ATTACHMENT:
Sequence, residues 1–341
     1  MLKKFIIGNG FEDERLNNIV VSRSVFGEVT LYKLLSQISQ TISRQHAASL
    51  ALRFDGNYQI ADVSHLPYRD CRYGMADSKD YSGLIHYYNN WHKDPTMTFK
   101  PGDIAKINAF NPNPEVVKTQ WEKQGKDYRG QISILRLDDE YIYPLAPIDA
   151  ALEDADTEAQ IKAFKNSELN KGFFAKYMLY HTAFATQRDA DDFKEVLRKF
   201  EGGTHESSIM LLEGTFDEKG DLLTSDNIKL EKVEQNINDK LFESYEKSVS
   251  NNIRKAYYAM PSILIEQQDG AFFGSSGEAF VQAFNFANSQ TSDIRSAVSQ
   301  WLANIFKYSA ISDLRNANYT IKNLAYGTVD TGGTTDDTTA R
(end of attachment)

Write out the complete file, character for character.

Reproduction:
Sequence, residues 1–341
     1  MLKKFIIGNG FEDERLNNIV VSRSVFGEVT LYKLLSQISQ TISRQHAASL
    51  ALRFDGNYQI ADVSHLPYRD CRYGMADSKD YSGLIHYYNN WHKDPTMTFK
   101  PGDIAKINAF NPNPEVVKTQ WEKQGKDYRG QISILRLDDE YIYPLAPIDA
   151  ALEDADTEAQ IKAFKNSELN KGFFAKYMLY HTAFATQRDA DDFKEVLRKF
   201  EGGTHESSIM LLEGTFDEKG DLLTSDNIKL EKVEQNINDK LFESYEKSVS
   251  NNIRKAYYAM PSILIEQQDG AFFGSSGEAF VQAFNFANSQ TSDIRSAVSQ
   301  WLANIFKYSA ISDLRNANYT IKNLAYGTVD TGGTTDDTTA R